It all comes back down to leadership

Given the prominence of Barbadians on the campaign trail in Dominica in the run-up to the December 8 general election there, it would be remiss of us not to ponder the possible lessons for our own political scenario.

Just as Barbadians re-elected Prime Minister Freundel Stuart and the Democratic Labour Party (DLP) in 2013, bucking the winds of change sweeping several Caribbean incumbents from office, Dominicans yesterday opted to stick with Prime Minister Roosevelt Skerrit and the Dominica Labour Party for another five years.

The outcome, correctly predicted by Barbadian pollster and political scientist Peter Wickham, saw Mr Skerrit securing 15 of the 21 seats at stake, losing only three of the 18 he had won in the 2009 election. The Opposition United Workers Party, led by first-timer Lennox Linton, failed to woo the Dominican populace with its slogan Change We Must,  though Mr Linton managed to strengthen the party’s presence in the Dominica Parliament by three seats –– winning a total of six, including his, previously held by former prime minister Edison James.

Should this result on its own be of any comfort to the Freundel Stuart administration? We submit that such contentment would be foolhardy, and  the Democratic Labour Party would be better off working urgently and diligently to rectify the several national crises we are facing as a nation and diminishing the anxiety these issues are causing the electorate.

It would seem the only practical way of solidifying its position with Barbadian voters Barbadian for a chance at third term in office.

The campaign slogan of the Dominica Labour Party in Roseau –– Leadership Is Everything –– in all the circumstances is quite telling. Today’s voter is demanding much more from politicians than their rhetoric. Voters want to see those whom they elect to high office, with that powerful X, involved and on the ball. And, even more so, the party leader must be in the midst of the people, articulating what we would choose to believe are honest messages of hope, along with a strong vision to take the country forward.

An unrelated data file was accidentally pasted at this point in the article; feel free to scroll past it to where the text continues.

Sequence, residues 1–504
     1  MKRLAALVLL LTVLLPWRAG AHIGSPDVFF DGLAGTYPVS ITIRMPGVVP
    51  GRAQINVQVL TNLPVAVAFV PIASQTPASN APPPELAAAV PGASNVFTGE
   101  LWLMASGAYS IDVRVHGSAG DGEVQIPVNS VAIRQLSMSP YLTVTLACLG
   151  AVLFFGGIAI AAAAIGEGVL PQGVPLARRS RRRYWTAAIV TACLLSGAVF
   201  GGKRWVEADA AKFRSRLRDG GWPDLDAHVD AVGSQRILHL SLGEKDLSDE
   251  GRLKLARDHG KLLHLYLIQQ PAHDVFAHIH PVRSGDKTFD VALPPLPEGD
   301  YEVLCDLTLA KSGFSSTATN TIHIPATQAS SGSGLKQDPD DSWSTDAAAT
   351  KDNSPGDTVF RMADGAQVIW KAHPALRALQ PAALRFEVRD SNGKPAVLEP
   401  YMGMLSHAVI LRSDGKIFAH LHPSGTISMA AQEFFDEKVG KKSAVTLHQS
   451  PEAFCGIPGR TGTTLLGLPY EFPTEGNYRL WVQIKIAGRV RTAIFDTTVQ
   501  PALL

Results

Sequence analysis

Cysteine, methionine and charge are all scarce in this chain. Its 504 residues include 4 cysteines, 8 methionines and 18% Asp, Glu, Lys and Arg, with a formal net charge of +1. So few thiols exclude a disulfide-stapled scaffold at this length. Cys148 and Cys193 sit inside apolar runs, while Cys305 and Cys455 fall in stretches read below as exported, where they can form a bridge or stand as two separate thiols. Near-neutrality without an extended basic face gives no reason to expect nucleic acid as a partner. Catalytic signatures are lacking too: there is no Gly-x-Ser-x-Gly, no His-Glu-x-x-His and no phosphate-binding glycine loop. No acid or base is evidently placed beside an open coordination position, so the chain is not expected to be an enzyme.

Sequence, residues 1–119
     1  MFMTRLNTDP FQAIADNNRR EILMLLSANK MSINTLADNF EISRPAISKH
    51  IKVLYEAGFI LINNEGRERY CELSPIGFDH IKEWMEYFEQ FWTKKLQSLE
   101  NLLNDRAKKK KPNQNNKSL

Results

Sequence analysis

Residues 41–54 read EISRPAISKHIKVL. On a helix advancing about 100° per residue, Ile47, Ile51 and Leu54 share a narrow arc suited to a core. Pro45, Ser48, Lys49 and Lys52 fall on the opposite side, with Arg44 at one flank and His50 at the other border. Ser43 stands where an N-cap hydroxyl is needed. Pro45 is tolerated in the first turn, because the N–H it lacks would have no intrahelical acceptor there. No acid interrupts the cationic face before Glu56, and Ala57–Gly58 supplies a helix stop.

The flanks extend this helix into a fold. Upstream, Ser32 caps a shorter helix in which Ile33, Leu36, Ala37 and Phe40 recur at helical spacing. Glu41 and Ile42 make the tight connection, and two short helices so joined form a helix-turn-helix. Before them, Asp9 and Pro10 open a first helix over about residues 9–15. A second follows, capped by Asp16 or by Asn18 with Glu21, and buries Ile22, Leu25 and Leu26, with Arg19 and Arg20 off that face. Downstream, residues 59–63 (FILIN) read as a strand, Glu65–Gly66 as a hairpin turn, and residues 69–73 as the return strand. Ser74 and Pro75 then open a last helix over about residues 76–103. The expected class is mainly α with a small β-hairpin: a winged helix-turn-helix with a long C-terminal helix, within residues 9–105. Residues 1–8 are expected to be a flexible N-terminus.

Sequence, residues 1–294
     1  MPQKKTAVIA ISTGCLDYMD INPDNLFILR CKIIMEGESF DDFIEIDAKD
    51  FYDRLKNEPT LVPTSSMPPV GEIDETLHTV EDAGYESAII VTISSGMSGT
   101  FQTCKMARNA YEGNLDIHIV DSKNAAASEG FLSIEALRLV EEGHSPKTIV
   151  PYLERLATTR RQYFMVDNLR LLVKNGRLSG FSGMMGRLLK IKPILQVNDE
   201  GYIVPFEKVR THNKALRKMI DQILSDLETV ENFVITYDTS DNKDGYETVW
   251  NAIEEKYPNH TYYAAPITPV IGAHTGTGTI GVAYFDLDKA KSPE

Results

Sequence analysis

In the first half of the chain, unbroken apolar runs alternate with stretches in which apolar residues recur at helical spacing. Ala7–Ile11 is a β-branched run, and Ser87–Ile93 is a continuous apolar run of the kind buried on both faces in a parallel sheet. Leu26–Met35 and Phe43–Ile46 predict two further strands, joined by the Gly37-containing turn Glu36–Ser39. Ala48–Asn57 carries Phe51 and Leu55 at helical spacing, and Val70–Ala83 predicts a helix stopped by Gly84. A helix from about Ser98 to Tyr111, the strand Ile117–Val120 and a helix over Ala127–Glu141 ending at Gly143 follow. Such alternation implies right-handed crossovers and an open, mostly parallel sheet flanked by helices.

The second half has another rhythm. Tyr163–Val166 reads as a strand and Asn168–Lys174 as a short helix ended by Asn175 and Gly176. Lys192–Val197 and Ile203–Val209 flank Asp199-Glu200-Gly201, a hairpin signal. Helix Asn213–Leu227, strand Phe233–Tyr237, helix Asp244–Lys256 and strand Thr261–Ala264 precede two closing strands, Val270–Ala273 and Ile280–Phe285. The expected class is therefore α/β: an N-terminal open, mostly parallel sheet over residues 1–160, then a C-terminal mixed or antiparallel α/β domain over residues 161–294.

A look back at the happenings on the Dominican campaign trail shows a very involved Skerrit. While we stay clear of endorsing or challenging the veracity of his statements or showings on the political platform, we cannot help but consider that his strong presence with ordinary Dominicans before and during the elections must have helped to keep the scales in his favour.

In fact, in the CADRES poll, Dominicans gave Mr Skerrit a score of 6.4 for leadership, and 63 per cent of those surveyed indicated he was the preferred choice for leader compared to 37 per cent for his political opponent. Silence is hardly golden for political leaders. This business of appearing to take the lead during an election campaign and then retreating to the shadows after winning the top prize is unacceptable, and deserves to be treated as such by voters.

Barbadians are anxious for a positive word –– indeed any word –– from their democratically elected leader after a year of virtually no economic growth, continued job losses and more taxes.

Another clue to Mr Skerrit’s success may also lie in the island’s state of affairs. The CADRES poll indicated that Dominicans were most concerned about the cost of living and joblessness. The Dominican economy appears to have been holding its own; and a visit to the island would show major development, infrastructurally and otherwise.

In Barbados, growing for us have been financial and health care challenges at the Queen Elizabeth Hospital, garbage pile-ups in country and town, and the ever-rising cost of living. Barbadians are crying out for relief.

While we accept there’s no magic wand to solve our economic woes, surely simple communication, a well articulated vision could go a long way in engendering confidence in private life and business, possibly jump-starting societal activity.

The Skerrit administration did not escaped unscathed from yesterday’s poll, since it lost three seats to the other side. Clearly the ruling party must yet take stock, learn from its past mistakes, and most of all avoid complacency.

We expect the opposition United Workers Party will accept the results and move on to take up the task of monitoring how the people’s business is conducted. Our Opposition Barbados Labour Party would do well to note   that voters are in search of answers and results, and that no election victory will be any guaranteed walkover.

Barbadians, like the Dominicans, will opt for a united party that sends a clear message leadership is indeed everything.

5 Responses to It all comes back down to leadership

  1. Gabriel lawrence December 11, 2014 at 2:00 pm

    Left to the residenct Dominicans then the UWP would have one the elections..the scales were tipped in the labour party’s dirrection assisted by Barbadians Hartley Henry and Victor Young who were instrumental in ferrying thousands of overseas Dominicans in specific constituencies where labour was thought to be losing..

    Reply
  2. mary joseph December 11, 2014 at 2:54 pm

    FYI…